Playing with an 8-bit to multibyte text converter recently I came across with a rather interesting problem. The converter is intended to help with converting legacy text data encoded with older monobyte character encodings into UTF-8. Yes, the converting process itself is not a big deal. In fact it's a very basic and straightforward program a student would usually challenge him- or herself just after they accomplished the "Hello World!" one. However, the interesting part here is the fact that that "old encoding" can be one of a bunch of variants of slightly different ad hoc character sets. And to make things worse, the user doesn't usually know which code page exactly the original text was encoded with. And as always the user is reluctant to make any effort to find it out before using the tool. Where such ad hoc code pages came from and why they been used at all is a whole different story but it's not the point here. The point is how having only a piece of plain text to determine which code page it is encoded with. So...
If you sell stuff online and receive payments using Paypal you probably already know that you have two options for the payment fee with Paypal. One is the standard 2.9% commission + ¢30 transaction fee. The other is so called Micropayment Discount or 5% + ¢5 per transaction. The latter, as Paypal says, is better if your typical sales are less than $10. But how much better and what is typical? - are the questions that neither Paypal nor anybody else can answer for you. Here is a simple graph showing the total percentage you'd pay to Paypal from your merchant profit depending on the transaction amount. The graph is to help you understand your odds.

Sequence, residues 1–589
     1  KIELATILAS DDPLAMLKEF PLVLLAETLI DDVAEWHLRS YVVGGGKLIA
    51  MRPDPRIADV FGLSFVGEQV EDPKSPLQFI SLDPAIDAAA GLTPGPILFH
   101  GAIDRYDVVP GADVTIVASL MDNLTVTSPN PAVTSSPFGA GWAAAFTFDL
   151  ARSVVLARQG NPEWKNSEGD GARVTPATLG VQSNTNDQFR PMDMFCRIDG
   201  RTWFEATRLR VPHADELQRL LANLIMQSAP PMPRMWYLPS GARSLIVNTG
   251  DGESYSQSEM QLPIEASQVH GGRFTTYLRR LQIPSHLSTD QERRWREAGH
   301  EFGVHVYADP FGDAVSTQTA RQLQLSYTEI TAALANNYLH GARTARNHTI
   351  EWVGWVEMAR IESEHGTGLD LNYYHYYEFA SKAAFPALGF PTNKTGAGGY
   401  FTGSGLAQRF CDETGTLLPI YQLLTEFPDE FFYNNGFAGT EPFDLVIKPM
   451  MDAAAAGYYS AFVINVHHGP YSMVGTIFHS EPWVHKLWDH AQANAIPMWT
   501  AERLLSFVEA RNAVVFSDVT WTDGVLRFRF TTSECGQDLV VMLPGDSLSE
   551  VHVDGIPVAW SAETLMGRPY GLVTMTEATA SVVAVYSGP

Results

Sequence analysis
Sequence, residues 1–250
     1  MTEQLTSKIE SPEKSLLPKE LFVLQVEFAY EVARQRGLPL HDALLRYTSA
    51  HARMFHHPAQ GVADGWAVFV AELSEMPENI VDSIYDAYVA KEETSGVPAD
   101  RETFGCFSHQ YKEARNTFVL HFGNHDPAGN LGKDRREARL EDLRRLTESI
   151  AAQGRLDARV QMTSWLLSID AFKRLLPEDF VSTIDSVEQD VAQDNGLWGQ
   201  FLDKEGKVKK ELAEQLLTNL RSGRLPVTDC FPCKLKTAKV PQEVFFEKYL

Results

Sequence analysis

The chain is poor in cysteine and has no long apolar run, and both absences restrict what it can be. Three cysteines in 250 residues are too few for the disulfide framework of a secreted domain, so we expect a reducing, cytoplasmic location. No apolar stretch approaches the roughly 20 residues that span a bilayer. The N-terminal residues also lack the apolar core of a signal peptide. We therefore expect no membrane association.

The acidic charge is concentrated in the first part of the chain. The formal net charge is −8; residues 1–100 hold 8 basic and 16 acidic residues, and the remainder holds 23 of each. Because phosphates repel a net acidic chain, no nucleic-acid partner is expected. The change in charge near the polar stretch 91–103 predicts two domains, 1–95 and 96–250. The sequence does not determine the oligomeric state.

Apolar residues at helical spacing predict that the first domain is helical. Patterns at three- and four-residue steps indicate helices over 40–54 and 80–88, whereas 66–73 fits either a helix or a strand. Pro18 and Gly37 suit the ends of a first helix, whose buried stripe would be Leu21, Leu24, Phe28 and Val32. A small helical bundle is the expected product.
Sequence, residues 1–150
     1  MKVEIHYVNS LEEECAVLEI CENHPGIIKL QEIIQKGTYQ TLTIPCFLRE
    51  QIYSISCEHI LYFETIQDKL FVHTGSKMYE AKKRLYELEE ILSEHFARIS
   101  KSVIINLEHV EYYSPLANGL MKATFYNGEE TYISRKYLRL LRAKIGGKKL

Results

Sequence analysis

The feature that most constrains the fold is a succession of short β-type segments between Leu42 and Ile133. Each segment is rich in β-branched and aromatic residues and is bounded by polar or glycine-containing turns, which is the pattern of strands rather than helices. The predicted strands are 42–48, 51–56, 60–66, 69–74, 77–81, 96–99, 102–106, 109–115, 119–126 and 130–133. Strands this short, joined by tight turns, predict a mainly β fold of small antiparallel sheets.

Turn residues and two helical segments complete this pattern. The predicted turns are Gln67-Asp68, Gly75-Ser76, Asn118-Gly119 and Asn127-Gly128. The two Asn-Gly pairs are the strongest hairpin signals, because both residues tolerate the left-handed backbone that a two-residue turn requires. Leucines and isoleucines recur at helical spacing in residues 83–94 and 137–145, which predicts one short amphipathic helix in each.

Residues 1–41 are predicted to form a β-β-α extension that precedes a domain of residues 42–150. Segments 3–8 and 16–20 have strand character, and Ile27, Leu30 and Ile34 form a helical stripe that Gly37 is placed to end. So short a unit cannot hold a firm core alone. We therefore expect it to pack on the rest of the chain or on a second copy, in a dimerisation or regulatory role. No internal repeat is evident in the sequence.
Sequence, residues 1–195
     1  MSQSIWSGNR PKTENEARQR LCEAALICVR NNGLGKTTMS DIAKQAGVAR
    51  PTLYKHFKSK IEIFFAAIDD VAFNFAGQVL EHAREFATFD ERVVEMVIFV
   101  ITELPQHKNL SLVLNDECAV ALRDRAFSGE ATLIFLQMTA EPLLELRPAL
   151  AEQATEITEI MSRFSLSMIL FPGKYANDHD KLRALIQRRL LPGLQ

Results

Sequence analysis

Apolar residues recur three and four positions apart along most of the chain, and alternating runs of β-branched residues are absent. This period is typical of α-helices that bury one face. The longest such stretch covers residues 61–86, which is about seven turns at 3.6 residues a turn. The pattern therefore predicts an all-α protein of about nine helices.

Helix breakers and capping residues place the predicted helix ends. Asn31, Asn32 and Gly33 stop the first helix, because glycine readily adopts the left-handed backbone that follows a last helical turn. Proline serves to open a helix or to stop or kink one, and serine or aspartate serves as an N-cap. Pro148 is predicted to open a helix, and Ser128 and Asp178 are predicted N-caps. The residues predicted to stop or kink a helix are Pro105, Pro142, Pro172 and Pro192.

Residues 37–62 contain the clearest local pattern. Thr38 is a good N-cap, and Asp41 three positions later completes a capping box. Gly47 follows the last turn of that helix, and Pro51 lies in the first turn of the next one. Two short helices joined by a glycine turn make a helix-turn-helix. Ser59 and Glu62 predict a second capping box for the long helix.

Below is my humble "analysis".
Hearing all this buzz about cell phone manufacturers starting to offer credit card services using the near field communication (NFC) interface in their devices, I noticed that my Chase credit card has the BLINK℠ thing in it. It's not that I didn't know about it before, I remember (vaguely) how I received some years ago a renewed card with a colorful booklet describing a bunch of benefits the new BLINK℠ technology carry. Although the booklet was designed in a mood how it is impossible to stay alive anymore swiping credit cards old school, I was not very convinced that time. OK, I tried the new card once at a fast food register's BLINK℠ marked reader to make sure it works. Well, it worked. And that's about it. The question is, is it really "Fast, Easy and Secure" as it is advertised?
OK, as far as I could find so far the major, if not the only, advantage Google+ have against Facebook is their circles concept. But I'm still a little confused what would be the right way to use them. The circles are great, I agree, they prop your networking up into multidimensional space. However in my opinion it's still a half-way solution. And here is why I think so.
I know that to have your own personal blog is cool, but to have it on your own web host is double cool. That's true. However what can be even cooler to have your web host running in your own Linux virtual box? No, not running it in a real box in your garage. It was cool, even geeky, but some years ago. These days everything more or less advanced goes into... clouds. Yes, cloud computing they call it. Is it a right thing? - Yes, I want an answer on this question too. And there is only one way to find out - to try it on.